A StorageClass is a Kubernetes object used to describe a storage class. It uses the fields like parameters, provisioner and reclaimPolicy to describe details of the storage class that it represents. Let’s take a look at the GKE’s default storage class standard, here is its spec:

kind: StorageClass
apiVersion: storage.k8s.io/v1
metadata:
  name: standard
parameters:
  type: pd-standard
provisioner: kubernetes.io/gce-pd
reclaimPolicy: Delete
volumeBindingMode: Immediate

Explanation:

  • The metadata.name field is the name of the StorageClass. It has to be unique in the whole cluster.
  • The parameters field specifies the parameters for the real storage. For example parameters.type == pd-standard means this storage class uses GCEPersistentDisk as storage media. You can check this doc for more details about the parameters of Storage Classes.
  • The provisioner field specifies which volume plugin is used for provisioning dynamic PVs for the Storage Class. You can check this list for each provisioner’s specification.
  • Like persistentVolumeReclaimPolicy, the reclaimPolicy field specifies the reclaim policy for the storage created by the Storage Class, which can be either Delete (default value) or Retain.
  • The volumeBindingMode field controls when to perform dynamic provisioning and volume binding. volumeBindingMode == Immediate means doing dynamic provisioning and volume binding once the PVC is created, while volumeBindingMode == WaitForFirstConsumer means delaying dynamic provisioning and volume binding until the PVC is actually being consumed.

A Use Case

This example utilizes dynamic provisioning to create storage resources for a ZooKeeper service. (Here I simplify the the config for the demo purpose. You can check this doc for more details about how to setup a ZooKeeper Service with a StatefulSet in Kubernetes.)

StatefulSet Spec:

apiVersion: apps/v1
kind: StatefulSet
metadata:
  name: zoo-keepr
# StatefulSet spec
spec:
  serviceName: zk-hs
  selector:
    matchLabels:
      app: zk
  replicas: 3

  volumeClaimTemplates:
  - metadata:
      name: datadir
    spec:
      storageClassName: standard
      accessModes: [ "ReadWriteOnce" ]
      resources:
        requests:
          storage: 10Gi

  # Pod spec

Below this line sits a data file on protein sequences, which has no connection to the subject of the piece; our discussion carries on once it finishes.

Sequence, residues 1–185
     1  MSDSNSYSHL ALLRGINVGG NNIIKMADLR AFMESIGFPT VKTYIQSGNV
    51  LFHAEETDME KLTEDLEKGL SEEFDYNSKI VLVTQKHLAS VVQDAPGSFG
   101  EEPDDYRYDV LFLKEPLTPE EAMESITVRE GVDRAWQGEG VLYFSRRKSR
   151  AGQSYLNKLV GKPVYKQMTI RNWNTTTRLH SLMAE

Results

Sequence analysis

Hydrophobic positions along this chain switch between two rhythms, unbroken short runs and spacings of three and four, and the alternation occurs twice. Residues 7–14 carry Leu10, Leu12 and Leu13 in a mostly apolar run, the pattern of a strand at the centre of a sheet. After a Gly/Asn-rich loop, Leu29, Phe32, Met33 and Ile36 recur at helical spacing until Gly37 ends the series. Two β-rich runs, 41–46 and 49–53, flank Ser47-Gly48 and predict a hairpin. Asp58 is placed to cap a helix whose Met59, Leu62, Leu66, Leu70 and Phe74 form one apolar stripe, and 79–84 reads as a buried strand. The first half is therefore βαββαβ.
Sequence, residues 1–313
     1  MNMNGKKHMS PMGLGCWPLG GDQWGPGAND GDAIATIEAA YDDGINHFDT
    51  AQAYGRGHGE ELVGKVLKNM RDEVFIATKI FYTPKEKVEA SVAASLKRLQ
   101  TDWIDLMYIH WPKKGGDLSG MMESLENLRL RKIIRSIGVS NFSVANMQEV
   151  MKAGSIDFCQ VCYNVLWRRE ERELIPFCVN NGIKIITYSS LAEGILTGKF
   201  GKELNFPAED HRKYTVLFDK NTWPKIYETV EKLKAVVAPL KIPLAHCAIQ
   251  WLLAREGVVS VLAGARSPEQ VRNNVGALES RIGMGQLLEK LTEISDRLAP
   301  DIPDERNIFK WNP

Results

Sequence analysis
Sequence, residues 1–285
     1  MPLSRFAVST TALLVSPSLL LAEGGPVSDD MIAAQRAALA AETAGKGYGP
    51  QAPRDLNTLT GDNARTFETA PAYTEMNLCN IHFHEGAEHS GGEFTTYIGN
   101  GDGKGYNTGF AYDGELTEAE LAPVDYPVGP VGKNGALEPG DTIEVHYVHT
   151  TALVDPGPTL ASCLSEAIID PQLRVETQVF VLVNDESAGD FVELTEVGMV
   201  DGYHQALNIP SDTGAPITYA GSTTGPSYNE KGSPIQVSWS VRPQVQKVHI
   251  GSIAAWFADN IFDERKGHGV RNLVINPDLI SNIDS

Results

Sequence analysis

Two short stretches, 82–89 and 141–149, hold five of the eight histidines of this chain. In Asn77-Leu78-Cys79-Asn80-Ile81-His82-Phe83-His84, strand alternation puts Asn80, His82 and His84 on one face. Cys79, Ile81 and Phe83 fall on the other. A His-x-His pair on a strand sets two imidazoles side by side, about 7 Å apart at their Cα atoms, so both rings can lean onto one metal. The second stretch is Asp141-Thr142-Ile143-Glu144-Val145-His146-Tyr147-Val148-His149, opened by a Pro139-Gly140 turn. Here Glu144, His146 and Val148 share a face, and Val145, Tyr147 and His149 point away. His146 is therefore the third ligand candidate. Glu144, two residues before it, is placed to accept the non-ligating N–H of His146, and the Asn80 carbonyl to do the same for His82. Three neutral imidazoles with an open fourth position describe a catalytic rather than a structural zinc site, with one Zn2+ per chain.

template:
    metadata:
      labels:
        app: zk
    spec:
      containers:
      - name: k8szk
        image: gcr.io/google_samples/k8szk:v3
        ...
        volumeMounts:
        - name: datadir
          mountPath: /var/lib/zookeeper

In this example, the volumeClaimTemplates field is used to do dynamic provisioning: A PVC is created with the specification defined in the volumeClaimTemplates field for each Pod. Then A PV is created by the standard Storage Class for each Pod and bound to a PVC created in last steps. Then A 10Gi GCEPersistentDisk is created by the standard Storage Class for each PV. The PVC has the same accessModes, storage and reclaimPolicy with the PV.

“Updating” PVs & PVCs

Updating Static PVs

Sometimes you need to update some parameters, for example, mount options, for a static PV which the storage is not dynamically provisioned. However, updating a PV that is being used may be blocked by K8s. But as what I mentioned above, A PV and PVC bound is like building a bridge between clients and the real storage. Therefore, instead of updating the existing PV, you can create a new PV with the new settings you want for updating purpose.

Updating Dynamic PVs

A dynamic PV now can be extended (shrinking is not supported) by editing its bound PVC in Kubernetes v1.11 or later versions. This feature is well supported in many built-in volume providers, such as GCE-PD, AWS-EBS and GlusterFs. An cluster administrator can make this feature available for cluster users by setting allowVolumeExpansion == true in the configurations of the Storage Classes. You can check this blog for more details.

Reference